Building where Stendhal dictated "la Char...
Building where Stendhal dictated "la Chartreuse de Parme" in 1839 : 8, rue de Caumartin, 9th arrond. Français : Immeuble où Stendhal a dicté "la Chartreuse de Parme" en 1839 : 8, rue de Caumartin, 9e arr. (Photo credit: Wikipedia)

masculus, mascula, masculum: male/masculine, proper to males; manly/virile

Reflecting on male characters… What influences us now in the development of a character? For a fiction writer the credibility of a character is important is it not? At least for the sort of fiction this writer fancies doing: fantastic maybe, but still anchored in real life. The speculation is about circumstances and events: those can be extraordinary, once in a decade, once in a century, or even more far-fetched. But good fantastic arises from the ordinary. And the characters must be credible. It is about you, reader, ultimately, you are the central character.  But I am diverging.

If you are male, a male reader, what do you expect from a male character? And what if you are a female reader? What makes an attractive male character you may be tempted, or, better still, compelled, to identify with? And how has this evolved over time, say, since Stendhal wrote “La Chartreuse de Parme”? For example, James Bond belonged to the fantasy world of Ian Fleming, and probably drew more than one trait from the rat bag of more or less secret agents he must have known in the 40’s-50’s. But was Bond credible? Maybe he was for contemporary readers. How about Hiro Protagonist in Snow Crash (1992)? Can you believe in a sword-fighter/hacker/pizza-delivery-boy? But few readers would really believe in or identify with those characters surely? Did they a decade ago, twenty, thirty years ago? Strangely enough, still in Snow Crash, 15 year-old YT  – the Kourier – is, for this ageing male reader, a more realistic human being (says a lot about this writer’s prejudices?)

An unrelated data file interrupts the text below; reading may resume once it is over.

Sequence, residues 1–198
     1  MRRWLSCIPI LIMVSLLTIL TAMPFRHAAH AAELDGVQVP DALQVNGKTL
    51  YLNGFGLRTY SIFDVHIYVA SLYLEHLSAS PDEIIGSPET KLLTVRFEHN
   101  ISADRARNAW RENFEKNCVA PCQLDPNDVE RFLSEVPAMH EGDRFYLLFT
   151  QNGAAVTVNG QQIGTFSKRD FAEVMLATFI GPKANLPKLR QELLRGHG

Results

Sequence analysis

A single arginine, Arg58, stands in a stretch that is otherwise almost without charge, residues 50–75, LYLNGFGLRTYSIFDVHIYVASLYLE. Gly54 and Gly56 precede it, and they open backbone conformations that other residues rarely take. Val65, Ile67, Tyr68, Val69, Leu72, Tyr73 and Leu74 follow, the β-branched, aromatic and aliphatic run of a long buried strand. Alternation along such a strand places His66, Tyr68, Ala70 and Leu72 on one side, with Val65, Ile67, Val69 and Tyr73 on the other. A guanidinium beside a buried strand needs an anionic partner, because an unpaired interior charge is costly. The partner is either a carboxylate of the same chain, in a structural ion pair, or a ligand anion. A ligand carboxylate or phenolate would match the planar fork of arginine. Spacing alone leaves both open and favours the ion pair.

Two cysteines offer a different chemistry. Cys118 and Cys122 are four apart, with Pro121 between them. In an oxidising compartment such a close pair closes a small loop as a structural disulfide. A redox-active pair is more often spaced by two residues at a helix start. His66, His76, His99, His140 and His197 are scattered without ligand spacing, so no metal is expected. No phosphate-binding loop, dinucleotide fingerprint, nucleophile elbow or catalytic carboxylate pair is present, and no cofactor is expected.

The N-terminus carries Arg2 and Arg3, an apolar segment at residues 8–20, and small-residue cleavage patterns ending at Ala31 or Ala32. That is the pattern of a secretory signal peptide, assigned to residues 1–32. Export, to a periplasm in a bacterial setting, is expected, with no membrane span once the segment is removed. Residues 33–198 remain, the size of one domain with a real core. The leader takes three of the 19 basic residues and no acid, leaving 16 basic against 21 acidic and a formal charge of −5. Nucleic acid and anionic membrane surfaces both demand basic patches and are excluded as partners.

What has “realism” got to do with a character’s gender? I happen to believe it has, but can’t pin down why exactly. Is “credibility” be equated with “realism”? Another wild guess: the male gender – as characters and perhaps reality go – has become highly undifferentiated, so that male characters have tended to slide into stereotypes: the heart-of-steel ninja, the ageing benevolent geezer, the serial killer, the lost writer? Is there a maleness “trend” in fictional characters?